Bullet Point the Week

After a week without posting, its time for a bullet point list:

-Had the supreme privilege of seeing the godfather of funk himself, George Clinton, perform in an old abandoned factory in Santiago.  The show was like a 3-ring circus featuring about 20 people on stage at a time.  Clinton plays the ring leader (with some assistance), introducing and promoting different members of the group as they take center stage and display their unique talents.  Clothing ranged from one guy in a diaper to another in white feather pants and top hat to Clinton´s famous tie-dyed dreadlocks.  At 68 years old, he does pretty well just being on stage, but in comparison to actual performers, he doesn´t do much.  While it didn´t compare to Red Hot Chili Peppers in Caracas, the music never stopped once and I got to hear ¨We Want the Funk¨from the grandmaster of funk himself.  The Chileans meanwhile, amused me with their various incantations of the word ¨funk¨as they sang along.

-As Peru was culturally very similar to Bolivia, so Argentina has proven culturally similar to Chile.  Crossing from Bolivia to Chile, however, is like changing worlds.

-Made Rotary connections in Mendoza, Argentina, and was invited to a parrilla.  A parrilla is basically an Argentinian barbeque with huge hunks of meat (apologies to Jimmy Buffett) and wine flowing freely (mixed with soda water to ensure you last the night).  Rotarians have proven to be extraordinarily kind and generous.

-As Rotarians are wont to make visitors do, I was DSCI0154asked to stand and give a speech–impromptu–and in Spanish.  I felt like a clutz, but they applauded at the end, so who knows?  You lose so much in translation.  I am used to being able to express myself accurately, succinctly, subtly.  When I speak in Spanish about idea, emotions, etc., I lose all subtlty and can only paint using a wide, frayed brush, missing particulars and getting color on the floorboard.  I need some painter´s tape…

-I´ve been exceedingly fortunate in the last week, after travelling solo through Chile, to have found some wonderful people to hang out with.  Jonatan in Valparaiso.  Angela in Santiago.  Gabriella and Angel in Argentina.  And, of course…

Mauro, Luci introduce me to ¨fernet.¨
Mauro, Luci introduce me to ¨fernet.¨

-I need to thank Erica for introducing me to her friend Luci.  I have now met each of her 567 family members in Mendoza, and had at least that many cups of maté.  Thanks to them, I´ve had the opportunity to experience a very authentic side of Argentinian culture: family meals, outings, traditional food and drink, and…

-Witnessed an Argentinian futbol match with Luci and her uncle, Rodolfo.  The hometown team, Godoy Cruz Antonio Tomba faced off against the higher ranked Colon team, and unfortunately, took a 3-1 loss.  Though the game was not a sell out, it was wild to see the ¨barra brava¨, the Argentinian version of soccer hooligans.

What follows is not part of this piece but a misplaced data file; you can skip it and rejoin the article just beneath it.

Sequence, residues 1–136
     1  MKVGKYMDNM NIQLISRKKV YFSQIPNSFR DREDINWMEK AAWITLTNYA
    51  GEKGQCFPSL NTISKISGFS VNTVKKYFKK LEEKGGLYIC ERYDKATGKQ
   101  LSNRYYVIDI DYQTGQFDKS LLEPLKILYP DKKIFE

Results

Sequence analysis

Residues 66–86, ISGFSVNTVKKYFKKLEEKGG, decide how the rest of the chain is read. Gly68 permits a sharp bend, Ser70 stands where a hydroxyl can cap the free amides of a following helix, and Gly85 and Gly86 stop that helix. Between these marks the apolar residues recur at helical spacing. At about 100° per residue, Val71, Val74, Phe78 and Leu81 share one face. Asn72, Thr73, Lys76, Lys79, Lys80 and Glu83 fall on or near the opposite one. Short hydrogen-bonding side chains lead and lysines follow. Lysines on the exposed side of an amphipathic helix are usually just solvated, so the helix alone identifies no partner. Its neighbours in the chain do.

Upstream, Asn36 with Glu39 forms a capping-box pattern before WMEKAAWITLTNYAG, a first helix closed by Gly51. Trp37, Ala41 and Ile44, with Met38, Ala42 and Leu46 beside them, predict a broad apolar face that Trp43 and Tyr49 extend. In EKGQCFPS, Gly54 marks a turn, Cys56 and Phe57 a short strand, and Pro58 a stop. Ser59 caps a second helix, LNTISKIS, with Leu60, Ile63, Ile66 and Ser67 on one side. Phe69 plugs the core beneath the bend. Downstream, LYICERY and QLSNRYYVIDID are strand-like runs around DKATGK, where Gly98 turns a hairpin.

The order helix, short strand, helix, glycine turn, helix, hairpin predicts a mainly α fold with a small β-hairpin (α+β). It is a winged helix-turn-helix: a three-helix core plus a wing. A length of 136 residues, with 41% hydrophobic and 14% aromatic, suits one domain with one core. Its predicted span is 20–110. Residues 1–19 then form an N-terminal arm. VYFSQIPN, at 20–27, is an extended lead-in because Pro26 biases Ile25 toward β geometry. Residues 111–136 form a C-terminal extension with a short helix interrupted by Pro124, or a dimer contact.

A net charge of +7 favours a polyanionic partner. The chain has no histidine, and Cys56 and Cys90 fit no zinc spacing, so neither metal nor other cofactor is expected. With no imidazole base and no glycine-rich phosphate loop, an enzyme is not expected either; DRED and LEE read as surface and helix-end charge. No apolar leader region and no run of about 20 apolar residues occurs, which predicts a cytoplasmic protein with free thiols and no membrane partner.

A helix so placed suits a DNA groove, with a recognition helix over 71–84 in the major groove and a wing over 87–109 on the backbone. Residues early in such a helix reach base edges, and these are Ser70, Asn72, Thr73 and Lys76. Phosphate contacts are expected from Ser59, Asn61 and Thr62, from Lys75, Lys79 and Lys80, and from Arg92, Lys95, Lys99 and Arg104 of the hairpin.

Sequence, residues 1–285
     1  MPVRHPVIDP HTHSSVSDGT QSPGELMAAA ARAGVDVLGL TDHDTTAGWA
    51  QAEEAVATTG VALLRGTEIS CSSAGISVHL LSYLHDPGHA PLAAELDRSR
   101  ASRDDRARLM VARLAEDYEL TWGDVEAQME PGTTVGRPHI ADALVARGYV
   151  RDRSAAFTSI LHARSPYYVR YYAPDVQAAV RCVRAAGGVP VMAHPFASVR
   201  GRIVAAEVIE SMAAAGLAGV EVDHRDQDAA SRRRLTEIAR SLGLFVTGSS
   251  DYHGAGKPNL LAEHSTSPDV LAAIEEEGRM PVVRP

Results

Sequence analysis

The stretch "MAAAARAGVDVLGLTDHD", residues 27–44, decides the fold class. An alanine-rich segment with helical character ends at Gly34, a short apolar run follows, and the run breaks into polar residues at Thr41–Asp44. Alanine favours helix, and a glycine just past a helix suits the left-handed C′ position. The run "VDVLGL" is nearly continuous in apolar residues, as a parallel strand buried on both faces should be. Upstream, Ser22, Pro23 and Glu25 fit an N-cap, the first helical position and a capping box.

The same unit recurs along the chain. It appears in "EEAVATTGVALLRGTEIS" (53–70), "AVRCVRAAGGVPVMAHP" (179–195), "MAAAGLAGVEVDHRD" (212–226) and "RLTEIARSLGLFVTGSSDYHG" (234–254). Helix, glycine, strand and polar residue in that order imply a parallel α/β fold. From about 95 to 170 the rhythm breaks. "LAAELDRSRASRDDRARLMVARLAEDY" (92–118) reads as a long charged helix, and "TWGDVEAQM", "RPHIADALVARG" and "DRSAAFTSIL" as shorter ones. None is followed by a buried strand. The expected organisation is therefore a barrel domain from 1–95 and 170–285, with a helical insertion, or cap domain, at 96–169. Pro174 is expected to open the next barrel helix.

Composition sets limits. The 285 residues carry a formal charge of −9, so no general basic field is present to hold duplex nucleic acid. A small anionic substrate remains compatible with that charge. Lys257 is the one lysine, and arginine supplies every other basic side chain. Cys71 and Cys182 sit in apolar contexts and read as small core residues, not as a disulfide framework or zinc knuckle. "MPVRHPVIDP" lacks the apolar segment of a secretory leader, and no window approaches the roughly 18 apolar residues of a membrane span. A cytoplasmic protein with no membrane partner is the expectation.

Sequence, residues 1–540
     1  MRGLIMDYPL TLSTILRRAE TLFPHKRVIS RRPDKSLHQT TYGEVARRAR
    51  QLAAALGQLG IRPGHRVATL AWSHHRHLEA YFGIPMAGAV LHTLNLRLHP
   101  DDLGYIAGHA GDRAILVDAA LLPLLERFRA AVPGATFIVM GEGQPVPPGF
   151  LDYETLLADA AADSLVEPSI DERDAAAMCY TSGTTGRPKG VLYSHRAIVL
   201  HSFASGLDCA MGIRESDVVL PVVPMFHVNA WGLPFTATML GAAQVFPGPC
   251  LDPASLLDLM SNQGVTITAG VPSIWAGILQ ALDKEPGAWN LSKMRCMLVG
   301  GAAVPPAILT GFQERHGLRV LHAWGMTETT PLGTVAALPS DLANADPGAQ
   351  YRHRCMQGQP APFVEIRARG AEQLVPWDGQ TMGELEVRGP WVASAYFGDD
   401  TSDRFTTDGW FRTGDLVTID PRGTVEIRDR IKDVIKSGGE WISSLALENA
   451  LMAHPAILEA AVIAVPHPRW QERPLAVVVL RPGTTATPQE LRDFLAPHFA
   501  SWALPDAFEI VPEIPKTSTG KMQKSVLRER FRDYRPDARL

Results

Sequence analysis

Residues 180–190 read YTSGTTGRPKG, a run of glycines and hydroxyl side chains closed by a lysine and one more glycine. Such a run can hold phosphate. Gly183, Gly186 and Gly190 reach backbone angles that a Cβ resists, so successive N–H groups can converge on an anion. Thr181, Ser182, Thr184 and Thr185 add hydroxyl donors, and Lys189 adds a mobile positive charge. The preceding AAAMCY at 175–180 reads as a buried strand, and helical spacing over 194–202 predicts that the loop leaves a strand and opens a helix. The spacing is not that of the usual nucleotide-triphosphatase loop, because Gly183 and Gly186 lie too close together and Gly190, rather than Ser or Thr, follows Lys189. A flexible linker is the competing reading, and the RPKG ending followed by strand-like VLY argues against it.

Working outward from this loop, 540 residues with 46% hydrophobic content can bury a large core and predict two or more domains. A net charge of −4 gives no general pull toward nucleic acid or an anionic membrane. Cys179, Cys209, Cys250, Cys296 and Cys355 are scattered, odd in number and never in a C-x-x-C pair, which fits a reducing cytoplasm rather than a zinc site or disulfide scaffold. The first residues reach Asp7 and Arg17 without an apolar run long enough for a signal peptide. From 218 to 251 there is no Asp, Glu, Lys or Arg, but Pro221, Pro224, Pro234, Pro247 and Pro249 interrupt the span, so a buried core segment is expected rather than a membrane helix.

-Its amazing how EXHAUSTED I get after having to concentrate on Spanish for extending periods of time (i.e. full days of ¨family time¨).

Historia y Sabores Bodega

-Mendoza is captital of Argentinian wine country.  Earlier this week, thanks to one of Luci´s cousins, I had a private tour of one of the ¨bodegas¨ and yesterday, rented a bicycle and spent the afternoon cruising between bodegas on two wheels.



-Luci´s grandmothers, as well as her cousin Esequiel, have been teaching me how to properly serve maté.  I´m becoming addicted.  Maté is a strongly caffeinated tea that is to Argentinian culture what afternoon tea to British culture.  Only cooler.  It is a green herb with piping hot water that is served in a wooden cup with a metal straw called a bombilla and passed around like a bong. 

-Fun fact: Older than, and thus not named for the famous revolutionary, Luci´s grandfather´s name is Fidel Castro.

-Tonight, its off to Iguazu Falls via 36-hour bus trip.  Hopefully, it won´t be quite as bad as it sounds.  The buses in South America have been fantastic.  You pay a little extra for a lower level (out of two) seat and its like sitting in first class on an airplane.  Food, movies, and the seats lay out enough to make for a manageably comfortable sleep.


Cruz del Sur

The vista from the average Peruvian bus trip is almost worthy of a Monet landsape: dark green splotches of trees scattered through a landscape of geometrically appealing agricultural plots,  verying widely along the spectrum from deep earth tones to pale yellow or ochre depending on their crop or stage of harvest.  A rolling, rollicking moutnain slopes into the foreground, molded as if from play-do.  Homes of adobe brick hardened in the sun face their respective plots and are outnumbered by the tree splotches.  It is difficult to decipher where the harvest fields become the mountain due to the gentle slope and the Quechua knack for farming at incredible angles.  A young boy leads a heifer by a path toward home, somewhere along the distant horizon.

As the bus climbs, the gently soping hill becomes an Andean giant, patched with glaciers and jagged like a ripped paper edge.  The enchanting light of dusk slowly and almost imperceptibly turns to the flattening non-light preceding full nightfall.  The landscape is transformed into a duotone of brown-gray land and ever darkening blue expanse above.  The key feature of the succeeding vista is the brash, white snow, leaping from the monolithic shapes of the mountains against the sky.